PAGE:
More than 125 Windsor Park area residents filled a fellowship hall at North Highland Assembly of God on Whittlesey Boulevard Tuesday night seeking answers on controlling crime, using surveillance cameras, reporting suspicious vehicles in the neighborhood and using deadly force.
Over the last two months, Assistant Columbus Police Chief Lem Miller said the neighborhood has experienced 24 crimes, and the entire area covering nearby neighborhoods in police beat 31 had 118 total offenses reported. Miller said auto break-ins were the top crimes occurring in the neighborhood that pushed residents to seek help from Mayor Teresa Tomlinson and police.
Before the month ends, Miller said the department hopes to have its $2.5 million records management system up and running to help police track crimes.
“We are having to tweak it along the way,” he said. “We paid a lot of money for it.”
Not including firefighters, Tomlinson, who also serves as the public safety director, said the city has 1,000 sworn officers, including 488 police officers, to keep the city safe. This number does not include firefighters.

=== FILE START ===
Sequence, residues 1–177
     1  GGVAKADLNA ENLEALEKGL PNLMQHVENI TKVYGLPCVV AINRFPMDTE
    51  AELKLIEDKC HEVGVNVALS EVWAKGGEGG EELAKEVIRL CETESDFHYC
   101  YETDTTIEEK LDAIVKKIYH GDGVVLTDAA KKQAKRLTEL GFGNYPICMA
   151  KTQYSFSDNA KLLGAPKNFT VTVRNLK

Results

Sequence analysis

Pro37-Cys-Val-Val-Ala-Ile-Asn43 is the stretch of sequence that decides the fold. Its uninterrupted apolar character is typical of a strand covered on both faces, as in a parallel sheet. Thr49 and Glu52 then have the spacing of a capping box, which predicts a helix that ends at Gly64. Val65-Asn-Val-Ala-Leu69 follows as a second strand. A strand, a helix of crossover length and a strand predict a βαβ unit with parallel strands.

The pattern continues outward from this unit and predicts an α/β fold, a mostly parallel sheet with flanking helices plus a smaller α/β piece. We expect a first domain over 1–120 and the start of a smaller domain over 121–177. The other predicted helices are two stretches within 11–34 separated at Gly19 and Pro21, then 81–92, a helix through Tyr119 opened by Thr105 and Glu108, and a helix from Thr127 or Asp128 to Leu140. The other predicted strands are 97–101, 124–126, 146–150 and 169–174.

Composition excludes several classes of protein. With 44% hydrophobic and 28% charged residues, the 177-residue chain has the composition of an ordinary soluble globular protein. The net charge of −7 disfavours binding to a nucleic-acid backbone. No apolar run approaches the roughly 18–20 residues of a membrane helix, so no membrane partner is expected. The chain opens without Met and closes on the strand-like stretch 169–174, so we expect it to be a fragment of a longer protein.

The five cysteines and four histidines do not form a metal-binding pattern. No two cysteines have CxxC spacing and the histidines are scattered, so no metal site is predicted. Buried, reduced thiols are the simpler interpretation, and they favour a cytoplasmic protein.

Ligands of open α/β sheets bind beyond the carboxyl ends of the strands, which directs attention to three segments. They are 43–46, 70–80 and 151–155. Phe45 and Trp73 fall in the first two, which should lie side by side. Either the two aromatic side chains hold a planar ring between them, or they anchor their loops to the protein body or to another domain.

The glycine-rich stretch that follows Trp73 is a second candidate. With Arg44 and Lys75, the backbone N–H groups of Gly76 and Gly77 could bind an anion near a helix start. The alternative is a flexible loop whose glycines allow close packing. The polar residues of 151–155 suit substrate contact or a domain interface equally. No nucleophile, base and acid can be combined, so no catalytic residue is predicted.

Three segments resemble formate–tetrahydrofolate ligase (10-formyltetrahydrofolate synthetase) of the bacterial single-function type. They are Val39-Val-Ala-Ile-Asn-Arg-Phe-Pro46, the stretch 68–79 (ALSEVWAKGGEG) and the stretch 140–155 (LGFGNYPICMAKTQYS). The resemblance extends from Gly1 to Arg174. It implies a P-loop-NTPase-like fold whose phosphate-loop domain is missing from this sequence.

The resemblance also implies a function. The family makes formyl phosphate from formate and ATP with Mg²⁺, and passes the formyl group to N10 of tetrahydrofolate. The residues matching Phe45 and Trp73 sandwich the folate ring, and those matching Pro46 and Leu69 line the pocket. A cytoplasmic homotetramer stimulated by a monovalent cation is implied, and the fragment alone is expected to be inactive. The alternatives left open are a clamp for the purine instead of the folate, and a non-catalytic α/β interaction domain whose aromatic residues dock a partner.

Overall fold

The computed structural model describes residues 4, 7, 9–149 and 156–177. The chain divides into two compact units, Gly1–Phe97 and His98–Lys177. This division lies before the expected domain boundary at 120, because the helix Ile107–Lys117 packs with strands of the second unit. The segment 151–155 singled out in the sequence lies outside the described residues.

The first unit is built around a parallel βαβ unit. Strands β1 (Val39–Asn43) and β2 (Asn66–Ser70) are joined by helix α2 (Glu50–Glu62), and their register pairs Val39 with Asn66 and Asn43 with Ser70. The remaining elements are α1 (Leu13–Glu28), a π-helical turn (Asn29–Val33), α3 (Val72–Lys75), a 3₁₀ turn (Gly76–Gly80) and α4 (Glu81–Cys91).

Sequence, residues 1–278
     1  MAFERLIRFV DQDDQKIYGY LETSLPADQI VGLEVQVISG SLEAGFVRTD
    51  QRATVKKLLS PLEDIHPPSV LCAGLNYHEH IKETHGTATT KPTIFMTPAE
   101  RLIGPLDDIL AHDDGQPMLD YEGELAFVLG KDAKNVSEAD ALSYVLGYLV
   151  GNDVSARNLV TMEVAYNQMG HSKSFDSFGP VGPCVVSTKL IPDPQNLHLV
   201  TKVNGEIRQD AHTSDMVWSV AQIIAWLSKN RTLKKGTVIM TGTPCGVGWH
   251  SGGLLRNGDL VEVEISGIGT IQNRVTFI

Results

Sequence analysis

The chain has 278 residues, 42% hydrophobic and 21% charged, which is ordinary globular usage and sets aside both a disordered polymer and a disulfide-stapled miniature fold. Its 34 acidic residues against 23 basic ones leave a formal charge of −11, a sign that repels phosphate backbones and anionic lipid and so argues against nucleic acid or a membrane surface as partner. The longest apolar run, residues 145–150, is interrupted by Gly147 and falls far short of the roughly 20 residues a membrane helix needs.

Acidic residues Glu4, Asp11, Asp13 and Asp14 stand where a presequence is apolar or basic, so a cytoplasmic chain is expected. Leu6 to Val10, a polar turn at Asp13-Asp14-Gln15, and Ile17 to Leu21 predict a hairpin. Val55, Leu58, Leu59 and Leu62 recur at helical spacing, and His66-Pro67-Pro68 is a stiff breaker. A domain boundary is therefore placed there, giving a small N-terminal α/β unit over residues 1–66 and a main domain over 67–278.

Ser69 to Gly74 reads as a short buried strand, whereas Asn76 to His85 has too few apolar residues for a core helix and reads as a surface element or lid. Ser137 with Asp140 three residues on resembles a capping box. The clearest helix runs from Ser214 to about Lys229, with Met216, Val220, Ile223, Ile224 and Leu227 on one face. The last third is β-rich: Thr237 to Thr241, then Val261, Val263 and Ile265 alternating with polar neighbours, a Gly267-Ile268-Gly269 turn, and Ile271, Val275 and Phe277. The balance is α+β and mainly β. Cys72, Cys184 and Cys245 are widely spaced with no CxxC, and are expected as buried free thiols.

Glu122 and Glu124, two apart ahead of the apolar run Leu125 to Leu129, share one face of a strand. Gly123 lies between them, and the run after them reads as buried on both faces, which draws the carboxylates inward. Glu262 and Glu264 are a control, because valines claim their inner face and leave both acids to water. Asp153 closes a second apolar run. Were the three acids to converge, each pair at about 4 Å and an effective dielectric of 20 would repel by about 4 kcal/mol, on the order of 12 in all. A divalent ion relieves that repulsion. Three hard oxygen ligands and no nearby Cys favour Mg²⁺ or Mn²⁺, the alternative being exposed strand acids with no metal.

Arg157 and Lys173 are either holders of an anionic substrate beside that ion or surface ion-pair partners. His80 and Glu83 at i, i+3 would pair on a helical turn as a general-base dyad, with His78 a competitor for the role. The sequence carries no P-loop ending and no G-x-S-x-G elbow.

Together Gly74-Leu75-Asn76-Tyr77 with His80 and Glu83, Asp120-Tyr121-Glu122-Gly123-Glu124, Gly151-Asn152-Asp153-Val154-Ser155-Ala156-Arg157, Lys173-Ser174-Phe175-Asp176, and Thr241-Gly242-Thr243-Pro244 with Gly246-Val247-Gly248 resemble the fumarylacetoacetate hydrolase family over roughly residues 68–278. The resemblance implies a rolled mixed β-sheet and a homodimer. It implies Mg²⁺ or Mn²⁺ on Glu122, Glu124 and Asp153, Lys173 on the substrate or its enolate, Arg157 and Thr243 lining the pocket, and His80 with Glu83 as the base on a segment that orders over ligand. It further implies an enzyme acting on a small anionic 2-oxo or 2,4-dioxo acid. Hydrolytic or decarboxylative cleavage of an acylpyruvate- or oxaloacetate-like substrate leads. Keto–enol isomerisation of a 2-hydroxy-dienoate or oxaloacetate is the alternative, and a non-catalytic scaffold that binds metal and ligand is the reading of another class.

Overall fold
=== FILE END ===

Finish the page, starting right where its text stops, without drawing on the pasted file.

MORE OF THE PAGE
A woman asked the mayor about the use of cameras as a resource to reduce crime. Tomlinson said Police Chief Ricky Boren doesn’t support cameras at intersections because of the increase in rear-end collisions when motorist spot the camera. But the mayor noted that residents may use cameras on their property in front of their houses.
They are not used in Columbus neighborhoods because of questions over civil rights and civil liberties. Residents may use cameras pointed toward their right of way.
“You can have your camera that does see the street in front,” the mayor said.
Jason Winters, who serves at Fort Benning, wondered what could be done about a suspicious truck in the neighborhood.
“Word to the wise is keep your stuff locked up,” he said.
Tomlinson said he should call 911 and give specific information about a rash of burglaries or crimes in the neighborhood to get police to respond to the area.
With a rash of crimes over the last two months, some residents wondered if they could shoot a person outside their home. The answer from police is “no.”
The mayor said the person must be coming into your home and an imminent threat.
Retired police officer Mark Graydon, who has been involved in at least two officer-involved shootings, said residents are fed up in the neighborhood.
“We are so angry at this,” he said. “We aren’t going to restrain ourselves every time.”
The retired officer said the key to control crime is to keep the offenders in jail.
“That is the key,” he said.